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Aside from me not liking the shape of the Model X, that would be way out my budget range anyway. I'm looking at a budget £35k. Yes I think it's very tight to find a facelift MS and even then a 7 seater. But I did see one on AutoTrader

We don't make many long journeys so I'd like to think the heat (presumably from rear windscreen?) won't be an issue. Watching the drive-by scenery might put their mind off it
I wouldn't discount the pre-facelift cars so long as you can get a service report from Tesla as part of the deal.

Not many other options, apart from the eNV200 Nissan van for 6/7 seats.
 

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Discussion Starter #6
I wouldn't discount the pre-facelift cars so long as you can get a service report from Tesla as part of the deal.

Not many other options, apart from the eNV200 Nissan van for 6/7 seats.
Ah ok, so that's interesting to know. tesla will offer a service report as optional extra even if you buy/intend to buy from elsewhere?
What does it cover and would they "guarantee" anything based on their report?

Yeh the Nissan is a bit of a Bus!

I'm also seeing waht teh XC90 is like. Battery is a bit small though but depends on efficiency.
 

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Ah ok, so that's interesting to know. tesla will offer a service report as optional extra even if you buy/intend to buy from elsewhere?
What does it cover and would they "guarantee" anything based on their report?
Sorry, what I was trying to say is either get the vendor to provide you the report from the latest service, or arrange it as part of the deal. This will then show up any issues with warranty or recalls.

The warranty is on the Tesla website and depends on age and mileage.
 

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The eNV200 is a bit of a bus, but if you already have 3 kids and your expecting a 4th it may be much better suited in terms of getting a baby in and out of the vehicle, and the rest of the family.

Rearward facing seats would also make trips away much harder with a newborn and the kids for anything but the basics unless you really really like tetris style packing when everyone is in the car.
the Model X is very good as it gives that extra space in the back and you can move the seats around.

For a £35k budget i would save the pennies and get a used eNV200 40kwh. the battery is cooled a little as well so helps with longer trips and you have much more space as well for trips.
its not fancy but then do you need all the tesla bells and whistles for a family bus?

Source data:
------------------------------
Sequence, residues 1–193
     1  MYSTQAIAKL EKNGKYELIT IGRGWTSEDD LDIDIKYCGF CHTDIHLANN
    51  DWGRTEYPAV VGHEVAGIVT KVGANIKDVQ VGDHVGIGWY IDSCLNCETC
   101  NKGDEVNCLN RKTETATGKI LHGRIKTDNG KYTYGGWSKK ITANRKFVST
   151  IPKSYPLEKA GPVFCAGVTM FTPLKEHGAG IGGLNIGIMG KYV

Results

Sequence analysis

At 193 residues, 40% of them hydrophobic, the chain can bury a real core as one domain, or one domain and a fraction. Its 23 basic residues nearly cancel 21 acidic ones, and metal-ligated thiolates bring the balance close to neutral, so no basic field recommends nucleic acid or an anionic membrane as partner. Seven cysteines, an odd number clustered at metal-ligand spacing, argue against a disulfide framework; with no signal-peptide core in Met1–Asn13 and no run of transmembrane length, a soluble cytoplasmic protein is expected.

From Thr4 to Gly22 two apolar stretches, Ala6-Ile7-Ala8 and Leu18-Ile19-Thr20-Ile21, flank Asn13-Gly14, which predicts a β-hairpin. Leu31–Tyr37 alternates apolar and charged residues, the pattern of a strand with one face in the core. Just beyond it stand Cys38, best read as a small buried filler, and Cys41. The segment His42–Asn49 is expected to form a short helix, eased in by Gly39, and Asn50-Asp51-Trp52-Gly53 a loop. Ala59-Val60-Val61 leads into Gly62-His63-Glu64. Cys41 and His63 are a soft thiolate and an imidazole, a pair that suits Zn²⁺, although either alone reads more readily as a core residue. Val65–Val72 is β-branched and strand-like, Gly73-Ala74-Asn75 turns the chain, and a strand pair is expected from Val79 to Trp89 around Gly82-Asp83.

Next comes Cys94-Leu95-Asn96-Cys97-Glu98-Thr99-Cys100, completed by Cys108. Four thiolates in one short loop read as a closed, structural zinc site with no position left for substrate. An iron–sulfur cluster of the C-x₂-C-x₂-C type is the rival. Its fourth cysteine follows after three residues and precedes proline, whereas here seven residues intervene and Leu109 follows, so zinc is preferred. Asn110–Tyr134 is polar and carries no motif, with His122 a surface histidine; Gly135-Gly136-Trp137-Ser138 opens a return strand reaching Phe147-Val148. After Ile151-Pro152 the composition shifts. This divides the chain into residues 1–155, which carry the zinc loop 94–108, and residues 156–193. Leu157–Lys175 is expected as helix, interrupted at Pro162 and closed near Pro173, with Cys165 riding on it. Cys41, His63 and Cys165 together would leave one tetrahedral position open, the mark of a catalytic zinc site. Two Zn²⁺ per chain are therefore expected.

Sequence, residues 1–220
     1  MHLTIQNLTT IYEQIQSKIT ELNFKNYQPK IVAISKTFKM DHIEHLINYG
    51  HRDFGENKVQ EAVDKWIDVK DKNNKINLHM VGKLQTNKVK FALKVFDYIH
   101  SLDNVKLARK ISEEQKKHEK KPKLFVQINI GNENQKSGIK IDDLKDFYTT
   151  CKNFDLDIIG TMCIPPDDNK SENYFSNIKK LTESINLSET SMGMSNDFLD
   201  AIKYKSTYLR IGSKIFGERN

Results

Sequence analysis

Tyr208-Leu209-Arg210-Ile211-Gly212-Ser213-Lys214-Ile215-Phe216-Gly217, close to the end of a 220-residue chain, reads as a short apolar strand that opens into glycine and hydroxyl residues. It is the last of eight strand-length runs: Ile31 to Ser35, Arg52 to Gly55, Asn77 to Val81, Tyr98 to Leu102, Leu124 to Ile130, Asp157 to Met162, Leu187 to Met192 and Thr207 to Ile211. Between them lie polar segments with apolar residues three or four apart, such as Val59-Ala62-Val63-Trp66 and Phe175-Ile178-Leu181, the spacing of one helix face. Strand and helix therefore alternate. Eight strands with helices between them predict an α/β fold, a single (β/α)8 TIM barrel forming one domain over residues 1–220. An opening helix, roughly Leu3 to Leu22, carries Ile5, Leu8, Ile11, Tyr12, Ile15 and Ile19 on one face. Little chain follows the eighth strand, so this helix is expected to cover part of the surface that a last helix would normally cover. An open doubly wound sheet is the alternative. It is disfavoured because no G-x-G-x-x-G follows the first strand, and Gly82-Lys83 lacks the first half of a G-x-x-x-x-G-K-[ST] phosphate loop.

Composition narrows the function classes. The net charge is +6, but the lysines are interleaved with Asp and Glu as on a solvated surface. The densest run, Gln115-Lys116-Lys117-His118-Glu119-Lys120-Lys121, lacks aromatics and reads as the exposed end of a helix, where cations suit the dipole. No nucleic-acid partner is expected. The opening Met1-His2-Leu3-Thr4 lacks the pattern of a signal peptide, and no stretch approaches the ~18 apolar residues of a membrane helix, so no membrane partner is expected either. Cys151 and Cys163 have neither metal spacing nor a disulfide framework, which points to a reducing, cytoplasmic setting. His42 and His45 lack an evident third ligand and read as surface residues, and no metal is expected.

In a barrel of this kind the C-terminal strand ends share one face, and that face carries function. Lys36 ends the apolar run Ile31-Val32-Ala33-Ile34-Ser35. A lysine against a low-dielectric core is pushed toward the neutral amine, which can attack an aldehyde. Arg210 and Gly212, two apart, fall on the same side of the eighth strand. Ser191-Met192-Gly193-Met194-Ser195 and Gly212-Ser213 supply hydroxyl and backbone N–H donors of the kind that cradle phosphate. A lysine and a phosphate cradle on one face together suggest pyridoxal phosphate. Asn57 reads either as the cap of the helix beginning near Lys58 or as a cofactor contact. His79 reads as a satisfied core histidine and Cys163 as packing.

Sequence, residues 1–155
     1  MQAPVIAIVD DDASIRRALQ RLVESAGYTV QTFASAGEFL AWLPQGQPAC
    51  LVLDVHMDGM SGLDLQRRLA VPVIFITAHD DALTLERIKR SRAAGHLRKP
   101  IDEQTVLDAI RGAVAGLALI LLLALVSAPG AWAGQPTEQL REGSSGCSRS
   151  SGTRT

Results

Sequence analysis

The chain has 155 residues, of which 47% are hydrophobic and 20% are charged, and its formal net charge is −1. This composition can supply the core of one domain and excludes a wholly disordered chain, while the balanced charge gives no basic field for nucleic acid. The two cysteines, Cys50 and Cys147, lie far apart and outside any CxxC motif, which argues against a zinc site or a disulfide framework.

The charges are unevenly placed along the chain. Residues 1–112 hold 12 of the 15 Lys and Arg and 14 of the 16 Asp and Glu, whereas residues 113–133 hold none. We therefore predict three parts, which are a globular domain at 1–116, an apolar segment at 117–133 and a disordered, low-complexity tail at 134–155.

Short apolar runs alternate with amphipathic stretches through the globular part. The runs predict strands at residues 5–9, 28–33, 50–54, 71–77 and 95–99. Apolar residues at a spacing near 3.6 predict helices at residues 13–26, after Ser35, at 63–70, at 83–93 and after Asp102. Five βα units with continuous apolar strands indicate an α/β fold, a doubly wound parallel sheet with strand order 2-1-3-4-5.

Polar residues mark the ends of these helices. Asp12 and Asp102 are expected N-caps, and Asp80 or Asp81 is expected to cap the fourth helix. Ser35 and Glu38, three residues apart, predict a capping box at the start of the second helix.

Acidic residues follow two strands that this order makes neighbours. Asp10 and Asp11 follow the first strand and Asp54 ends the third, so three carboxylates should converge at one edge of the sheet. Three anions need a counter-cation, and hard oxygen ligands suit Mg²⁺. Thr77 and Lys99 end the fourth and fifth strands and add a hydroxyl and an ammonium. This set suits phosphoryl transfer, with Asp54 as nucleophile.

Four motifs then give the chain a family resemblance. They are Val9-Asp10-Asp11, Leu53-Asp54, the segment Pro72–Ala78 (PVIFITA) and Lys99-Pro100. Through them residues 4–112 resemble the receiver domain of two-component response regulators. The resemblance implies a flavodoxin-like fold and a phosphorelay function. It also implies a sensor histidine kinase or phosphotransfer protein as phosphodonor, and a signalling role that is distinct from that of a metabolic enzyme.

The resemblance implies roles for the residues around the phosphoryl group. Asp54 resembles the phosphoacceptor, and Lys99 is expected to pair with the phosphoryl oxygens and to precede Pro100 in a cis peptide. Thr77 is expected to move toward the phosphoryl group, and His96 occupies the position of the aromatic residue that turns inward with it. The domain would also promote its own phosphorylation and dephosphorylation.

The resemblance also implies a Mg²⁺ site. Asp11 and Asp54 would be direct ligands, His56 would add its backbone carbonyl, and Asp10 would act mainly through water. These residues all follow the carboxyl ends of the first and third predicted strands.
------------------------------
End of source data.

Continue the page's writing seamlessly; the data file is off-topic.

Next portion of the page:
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Beware #Rapidgate and only around 100 miles range as standard with an e-NV200. Below that it's a very practical option.
 

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Discussion Starter #13
The eNV200 is a bit of a bus, but if you already have 3 kids and your expecting a 4th it may be much better suited in terms of getting a baby in and out of the vehicle, and the rest of the family.

Rearward facing seats would also make trips away much harder with a newborn and the kids for anything but the basics unless you really really like tetris style packing when everyone is in the car.
the Model X is very good as it gives that extra space in the back and you can move the seats around.

For a £35k budget i would save the pennies and get a used eNV200 40kwh. the battery is cooled a little as well so helps with longer trips and you have much more space as well for trips.
its not fancy but then do you need all the tesla bells and whistles for a family bus?
I couldn’t bring myself round to the idea of a bus. Would much rather get a petrol/diesel SUV with 7 seats.
I’ve no real fascination with a tesla. Just so happens to be the only brand doing a 6 seater that can offer decent mileage, if/when needed.
Even the PHEVs struggle with a real life 30 miles.
Some segments are really uncatered for.
Small hatch/mini has fantastic Zoe, you’ve got your family hatchbacks, saloons & premium and SUVs in either BEV or PHEV form.

Anyway, got best part of 7-8 months yet so will continue to keep eye out for any MXs.
 

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Not personally, but I believe that the solution applied to the LEAF40 was not applied to the e-NV200 40. Here is a thread from a former owner on this forum

40kWh e-NV200 Rapidgate
I dont see any mention of the AC being used... the eNV200 has this built in but from what i have seen when charging you need to then turn it on and set the AC on to cool it down a bit. Also doesnt mention what speeds he was travelling to be getting a battery that warm within 2 rapids to be slowing down that much.